Solution analysis

After managers have identified the gap, the next step is solution analysis. Solution analysis involves the development of strategies to close the gaps identified in the previous step. Approaches for meeting future workplace demands of the organisation may include recruiting, training and retraining, using contingent staff, or outsourcing. The approaches selected will be dependent on whether the organisation will need to expand, contract, restructure or rely on contingent staff to meet new workplace demands.

  • Recruiting –When external staff is required to meet a workforce expansion due to demands of new product lines, expanded production or service offerings, or new geographic areas to be served, external recruitment may be the logical strategy to address gaps. Recruiting may also be required as turnover occurs, whether due to employees leaving to find other employment opportunities or due to retirement.
  • Training and retraining –Instead of filling the skills gaps through external recruiting, Human Resource Managers may choose the less costly solution of employee development, particularly for key high-value positions. Employee development builds on current intellectual capital, retains the corporate culture, and motivates and stimulates the workforce. As skill sets become obsolete due to new technology, new services, additional product lines or other competitive forces, the organisation should focus on updating the skills and capabilities of their employees as a critical workforce planning strategy.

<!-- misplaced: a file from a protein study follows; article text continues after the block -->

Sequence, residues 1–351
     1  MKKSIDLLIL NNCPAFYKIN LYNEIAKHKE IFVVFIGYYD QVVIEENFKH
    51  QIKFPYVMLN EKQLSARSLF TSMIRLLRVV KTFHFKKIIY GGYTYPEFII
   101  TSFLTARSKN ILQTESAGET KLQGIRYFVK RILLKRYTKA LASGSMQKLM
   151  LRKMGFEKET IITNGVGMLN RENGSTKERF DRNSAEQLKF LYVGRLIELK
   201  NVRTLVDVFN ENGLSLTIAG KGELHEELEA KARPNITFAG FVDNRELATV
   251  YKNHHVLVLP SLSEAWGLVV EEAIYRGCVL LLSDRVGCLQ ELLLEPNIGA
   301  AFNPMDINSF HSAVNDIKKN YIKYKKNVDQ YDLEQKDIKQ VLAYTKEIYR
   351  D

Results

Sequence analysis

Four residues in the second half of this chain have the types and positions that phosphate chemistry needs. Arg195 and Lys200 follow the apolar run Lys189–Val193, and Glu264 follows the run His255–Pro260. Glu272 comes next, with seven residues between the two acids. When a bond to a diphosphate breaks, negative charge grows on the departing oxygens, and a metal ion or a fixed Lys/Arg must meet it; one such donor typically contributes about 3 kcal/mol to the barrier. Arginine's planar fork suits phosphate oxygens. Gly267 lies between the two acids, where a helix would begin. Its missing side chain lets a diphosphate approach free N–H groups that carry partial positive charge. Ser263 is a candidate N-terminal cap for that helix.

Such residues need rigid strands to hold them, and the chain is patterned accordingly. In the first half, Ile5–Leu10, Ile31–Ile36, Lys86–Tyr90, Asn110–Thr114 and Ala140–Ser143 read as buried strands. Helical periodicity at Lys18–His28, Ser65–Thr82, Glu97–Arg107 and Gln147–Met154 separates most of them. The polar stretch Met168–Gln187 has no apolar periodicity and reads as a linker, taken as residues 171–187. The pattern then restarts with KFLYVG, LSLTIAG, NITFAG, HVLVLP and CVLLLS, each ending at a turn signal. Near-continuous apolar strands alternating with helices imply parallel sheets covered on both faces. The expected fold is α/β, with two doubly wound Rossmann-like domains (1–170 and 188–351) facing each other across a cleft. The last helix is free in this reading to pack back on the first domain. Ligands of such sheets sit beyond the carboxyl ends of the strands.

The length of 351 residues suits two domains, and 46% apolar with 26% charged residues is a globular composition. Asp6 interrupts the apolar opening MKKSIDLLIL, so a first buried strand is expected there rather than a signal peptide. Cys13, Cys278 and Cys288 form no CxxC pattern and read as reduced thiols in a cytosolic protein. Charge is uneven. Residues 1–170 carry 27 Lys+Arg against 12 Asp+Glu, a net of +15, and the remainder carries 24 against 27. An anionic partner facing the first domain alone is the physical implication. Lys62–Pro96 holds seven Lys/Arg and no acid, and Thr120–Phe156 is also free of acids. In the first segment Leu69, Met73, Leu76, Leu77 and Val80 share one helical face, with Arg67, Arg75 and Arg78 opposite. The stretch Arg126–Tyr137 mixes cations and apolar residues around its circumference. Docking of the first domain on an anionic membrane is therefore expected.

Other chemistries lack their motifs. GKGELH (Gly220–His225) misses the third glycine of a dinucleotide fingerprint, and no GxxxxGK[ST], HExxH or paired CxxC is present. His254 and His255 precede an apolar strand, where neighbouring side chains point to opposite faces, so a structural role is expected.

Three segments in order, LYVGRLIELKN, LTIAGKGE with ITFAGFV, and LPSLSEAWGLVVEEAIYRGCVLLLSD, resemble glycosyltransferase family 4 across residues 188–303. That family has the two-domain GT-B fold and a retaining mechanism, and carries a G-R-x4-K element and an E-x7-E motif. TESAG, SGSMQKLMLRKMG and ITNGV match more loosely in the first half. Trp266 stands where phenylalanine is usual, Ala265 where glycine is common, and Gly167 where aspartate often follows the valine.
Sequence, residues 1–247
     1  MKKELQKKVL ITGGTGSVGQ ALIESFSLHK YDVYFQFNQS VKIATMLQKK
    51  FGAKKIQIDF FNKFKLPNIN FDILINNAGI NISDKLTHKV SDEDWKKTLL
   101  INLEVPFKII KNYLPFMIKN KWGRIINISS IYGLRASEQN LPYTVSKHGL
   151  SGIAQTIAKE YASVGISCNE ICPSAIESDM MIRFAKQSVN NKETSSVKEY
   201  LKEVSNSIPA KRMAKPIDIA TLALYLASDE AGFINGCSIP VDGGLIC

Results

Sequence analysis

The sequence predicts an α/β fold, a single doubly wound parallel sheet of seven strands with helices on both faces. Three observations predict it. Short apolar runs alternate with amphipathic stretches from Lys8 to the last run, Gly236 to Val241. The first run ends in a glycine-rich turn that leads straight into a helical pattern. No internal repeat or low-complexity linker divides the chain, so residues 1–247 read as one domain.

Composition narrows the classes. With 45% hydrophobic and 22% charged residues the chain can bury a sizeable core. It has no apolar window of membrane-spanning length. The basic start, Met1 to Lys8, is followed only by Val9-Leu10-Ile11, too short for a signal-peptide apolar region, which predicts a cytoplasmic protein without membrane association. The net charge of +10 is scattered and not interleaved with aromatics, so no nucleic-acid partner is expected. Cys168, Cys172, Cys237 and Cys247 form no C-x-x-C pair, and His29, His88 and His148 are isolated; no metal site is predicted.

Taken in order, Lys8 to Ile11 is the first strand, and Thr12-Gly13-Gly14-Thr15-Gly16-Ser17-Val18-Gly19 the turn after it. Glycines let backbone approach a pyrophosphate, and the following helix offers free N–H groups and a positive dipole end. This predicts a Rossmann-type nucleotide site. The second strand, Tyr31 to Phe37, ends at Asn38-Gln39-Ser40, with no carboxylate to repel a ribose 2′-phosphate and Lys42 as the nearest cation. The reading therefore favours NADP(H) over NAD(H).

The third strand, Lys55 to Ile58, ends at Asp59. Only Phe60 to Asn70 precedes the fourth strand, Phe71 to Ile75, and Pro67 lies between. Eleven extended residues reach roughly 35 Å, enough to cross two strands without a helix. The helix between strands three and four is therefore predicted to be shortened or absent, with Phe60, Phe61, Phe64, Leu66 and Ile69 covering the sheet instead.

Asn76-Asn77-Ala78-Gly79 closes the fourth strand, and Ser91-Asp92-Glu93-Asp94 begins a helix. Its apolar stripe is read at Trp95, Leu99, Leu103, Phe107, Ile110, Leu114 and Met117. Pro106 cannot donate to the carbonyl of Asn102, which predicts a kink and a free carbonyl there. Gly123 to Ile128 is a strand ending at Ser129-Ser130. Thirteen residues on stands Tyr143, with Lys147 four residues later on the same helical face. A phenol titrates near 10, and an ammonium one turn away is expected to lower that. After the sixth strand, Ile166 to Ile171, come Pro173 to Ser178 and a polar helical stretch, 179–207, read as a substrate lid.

• Contingent staffing – When the current number of employees or their skills sets are insufficient to accomplish the work, given the anticipated business future, contingent staffing may be used to fill that gap. This approach makes sense when the demand model indicates that the numbers of employees will vary significantly and cannot be levelled out through resource allocation strategies.
  • Contract workers and consultants – Sometimes an organisation may need workers who have specialised knowledge or expertise to help meet new business requirements. Independent contractors and consultants may be used to meet these special requirements.

Conclusion

It is worth noting that workforce planning is key and critical to delivering the overall strategy of an organisation, and therefore it must be done holistically to ensure the required human capital is in place or well-equipped to meet future demands and changes in the business environment. 

References

  • Bulla, D N and Scott, P M (1994) Manpower requirements forecasting: a case example, in (eds) D Ward, T P Bechet and R Tripp, Human Resource Forecasting and Modelling, The Human Resource Planning Society, New York.
  • Farnham, D (2006) Examiner’s Report (May), CIPD.co.uk Marchington, M and Wilkinson, A (1996) Core Personnel and Development, Institute of Personnel and Development, London
  • Quinn Mills, D (1983) Planning with people in mind, Harvard Business Review, November–December, pp 97–105
  • Reilly, P (1999) The Human Resource Planning Audit, Cambridge Strategy Publications, Cambridge
  • Reilly, P (2003) Guide to Workforce Planning in Local Authorities, Employers’ Organisation for Local Government, London.

>>>The writer is a Development Economist and Chartered Financial Analyst. Daniel is the Chief Economist at the Policy Initiative for Economic Development. He also the Director of Research and Analysis, B&FT. He can be reached on email: [email protected]. Tel; 0244 476376/ 0201939350